Lay my head upon your breast
Throw your loving arms around me
I am weary let me rest
Everyone I know, including me, imagines living a long, rich life and not one of us ever wants to get to that eventual point, when you're old and your body is failing you, when quality of life diminishes beyond negotiation. Who wants to become too confused to recognize cherished family members or get to the point that you’re unable to take care of life’s most basic necessities on your own? I don’t want that for me or for those I love.
Last week I helped my most loyal companion to die with dignity.
Needless to say, I was crushed.
I know that right now I have some family and close friends who are angry that I didn’t call them when I got this diagnosis. To be perfectly honest, I was selfish and wanted to spend uninterrupted time with her without focusing on her illness. I put her on a high calorie diet in an attempt to keep her from losing weight so rapidly but, otherwise, I tried to keep our normal routine.
At the risk of sounding unappreciative, I just couldn't take the well meaning phone calls or cards and letters while I was desperately clinging to simply concentrating on her remaining time. I wanted to just sit with her quietly and keep her as comfortable as I could. She was aging significantly and losing weight every day so it was clear to anyone who looked at her that she was ill. I just told those folks that she was getting old and wasn’t feeling well.
She seemed truly happy and wagged her tail often. She didn’t appear to be in any pain but she was clearly very tired so she slept a lot. A few times I tried to feed her a special diet without also giving the unnecessary calories to Flynn but Cooper refused to eat it unless I put it into a communal bowl where she could share it with her sister. Maybe it was Flynn's excitement at the "treat" that made her happy. But eventually, she gave up on eating altogether.
After the second day that she wouldn’t eat, she was growing weaker so I called this really wonderful mobile veterinarian that a friend of mine uses for house calls. Dr. Flake and I talked about the options and discussed how I would know it was time. Refusing food was certainly my first sign.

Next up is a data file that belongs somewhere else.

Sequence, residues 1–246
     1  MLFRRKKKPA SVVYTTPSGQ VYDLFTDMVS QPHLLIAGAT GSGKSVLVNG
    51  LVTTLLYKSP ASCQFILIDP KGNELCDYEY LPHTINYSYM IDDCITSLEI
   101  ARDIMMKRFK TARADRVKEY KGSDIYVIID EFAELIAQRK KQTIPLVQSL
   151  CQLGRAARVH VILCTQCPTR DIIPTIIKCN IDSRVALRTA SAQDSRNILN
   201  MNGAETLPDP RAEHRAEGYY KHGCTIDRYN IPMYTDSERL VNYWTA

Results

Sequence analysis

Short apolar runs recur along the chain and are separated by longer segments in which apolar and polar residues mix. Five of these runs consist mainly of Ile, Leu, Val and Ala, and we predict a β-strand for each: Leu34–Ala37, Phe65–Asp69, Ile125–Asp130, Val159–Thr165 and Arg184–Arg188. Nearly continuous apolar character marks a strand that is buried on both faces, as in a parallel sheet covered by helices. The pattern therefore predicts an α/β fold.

That evening when I got home from work I saw that Cooper was now blind. It was a terrible shock to me since I didn’t know that this was common with lymphoma. She still wanted to go outside on her own so I walked beside her to keep her from running into things. On top of the blindness I noticed some anxiety and confusion in her. I told myself that was to be expected under the circumstances. But I knew it was time, so I scheduled an appointment for Dr. Flake to come the next afternoon.
In the morning Cooper was a bit more energetic and she was much more lucid but as the day wore on she was increasingly frustrated by her blindness and also very weak, wobbly and tired. I spent the day with her out in the yard, most of that time was spent in her very most favorite sunny spot on the back deck. That was where I told the doctor that Cooper would be the most comfortable.
She lived with dignity and grace and I wanted her to take as much of that with her as possible… she did.
Memory is the one mercy that grief offers us… Flynn and I will miss our most amazing, loving and loyal companion.
November 17, 2004 – September 10, 2010
Have pity on me, O LORD, for I am in distress; my eyes grow weak with sorrow, my spirit and my body with grief. Psalm 31:9